In August, Lurie Children’s launched a new peer-support program, called Resilience in Stressful Events (RISE), which offers free and confidential support 24/7 to all staff who experience a stressful, patient-related event. Events in our complex and demanding healthcare environment, such as death, unanticipated outcomes, errors or complications, can leave a profound emotional impact on those involved, making them “second victims” of the adverse event.
“Second victims can be left feeling responsible for the adverse event, feeling as though they have failed or questioning their clinical judgment,” says Kimberly Lippman, RN, Emergency Department, who is the Interim RISE Program Coordinator. “They might suffer from a number of physical and psychological reactions, from sleeping and eating disturbances to anxiety and discomfort with returning to work. It is critical to get timely support after such events. If these traumatic responses are not addressed, the potential for mistakes and burnout increases substantially.”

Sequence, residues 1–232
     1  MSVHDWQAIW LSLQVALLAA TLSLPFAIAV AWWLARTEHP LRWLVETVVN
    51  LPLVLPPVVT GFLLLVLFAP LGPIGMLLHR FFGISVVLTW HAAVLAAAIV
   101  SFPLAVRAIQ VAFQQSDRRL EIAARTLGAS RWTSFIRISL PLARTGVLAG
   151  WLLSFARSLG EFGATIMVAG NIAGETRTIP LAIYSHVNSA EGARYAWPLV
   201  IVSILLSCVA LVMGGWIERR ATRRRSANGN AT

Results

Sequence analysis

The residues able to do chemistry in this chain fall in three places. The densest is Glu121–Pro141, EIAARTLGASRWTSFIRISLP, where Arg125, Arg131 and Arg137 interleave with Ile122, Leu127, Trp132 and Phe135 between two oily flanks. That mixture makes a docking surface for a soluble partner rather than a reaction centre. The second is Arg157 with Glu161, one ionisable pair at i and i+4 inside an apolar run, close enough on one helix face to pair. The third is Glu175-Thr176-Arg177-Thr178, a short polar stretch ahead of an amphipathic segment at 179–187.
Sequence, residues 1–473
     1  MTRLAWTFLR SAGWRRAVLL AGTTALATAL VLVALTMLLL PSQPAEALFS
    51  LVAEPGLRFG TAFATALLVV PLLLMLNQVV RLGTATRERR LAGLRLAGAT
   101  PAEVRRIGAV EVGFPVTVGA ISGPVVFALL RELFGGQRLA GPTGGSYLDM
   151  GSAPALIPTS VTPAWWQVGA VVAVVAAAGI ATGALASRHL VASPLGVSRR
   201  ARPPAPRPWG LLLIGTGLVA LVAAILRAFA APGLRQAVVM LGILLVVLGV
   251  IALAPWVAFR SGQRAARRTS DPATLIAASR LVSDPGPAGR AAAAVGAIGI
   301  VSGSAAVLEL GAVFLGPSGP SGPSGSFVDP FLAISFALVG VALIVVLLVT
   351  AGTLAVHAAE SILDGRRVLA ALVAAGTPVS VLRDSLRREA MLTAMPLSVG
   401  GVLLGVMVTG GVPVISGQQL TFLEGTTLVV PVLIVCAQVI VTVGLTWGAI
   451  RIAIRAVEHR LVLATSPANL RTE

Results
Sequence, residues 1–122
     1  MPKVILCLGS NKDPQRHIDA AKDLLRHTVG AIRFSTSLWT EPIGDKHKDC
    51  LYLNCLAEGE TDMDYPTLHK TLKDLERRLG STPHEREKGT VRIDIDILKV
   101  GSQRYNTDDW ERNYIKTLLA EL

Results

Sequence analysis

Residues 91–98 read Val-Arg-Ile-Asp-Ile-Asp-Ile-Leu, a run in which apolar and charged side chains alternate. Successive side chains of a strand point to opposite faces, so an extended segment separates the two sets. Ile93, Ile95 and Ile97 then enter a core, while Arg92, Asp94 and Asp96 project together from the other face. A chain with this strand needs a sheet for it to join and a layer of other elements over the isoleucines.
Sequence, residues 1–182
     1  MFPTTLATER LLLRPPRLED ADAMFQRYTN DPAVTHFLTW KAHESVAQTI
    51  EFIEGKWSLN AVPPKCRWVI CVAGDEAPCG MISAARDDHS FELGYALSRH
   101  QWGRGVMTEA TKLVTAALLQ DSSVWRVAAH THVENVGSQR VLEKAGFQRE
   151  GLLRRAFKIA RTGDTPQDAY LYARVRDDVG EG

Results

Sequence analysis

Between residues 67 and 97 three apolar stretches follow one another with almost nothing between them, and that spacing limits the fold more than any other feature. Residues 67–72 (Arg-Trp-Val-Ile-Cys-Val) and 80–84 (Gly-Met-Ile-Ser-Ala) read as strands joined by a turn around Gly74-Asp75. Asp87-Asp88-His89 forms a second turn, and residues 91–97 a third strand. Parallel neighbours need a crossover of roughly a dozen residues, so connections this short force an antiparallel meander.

Developed in 2010 at Johns Hopkins Hospital, RISE is now implemented in many hospitals across the United States. At Lurie Children’s, the RISE rapid response team consists of over 20 multidisciplinary specially-trained volunteers, including physicians, nurses, chaplains, and others. Staff who experience a strong reaction to an adverse event are encouraged to call RISE at 312.227.RISE. They will receive a call within 30 minutes from one of the responders, who will listen and offer immediate support. A longer meeting will then be scheduled within 24 hours, either on campus or virtually, to help process the event, equip staff with healthy coping strategies and, if needed, connect the person to other resources available at Lurie Children’s.
“We want staff to know that we are here when they need us,” says Kimberly. “Our goal is to support and guide them to continue thriving in their roles.”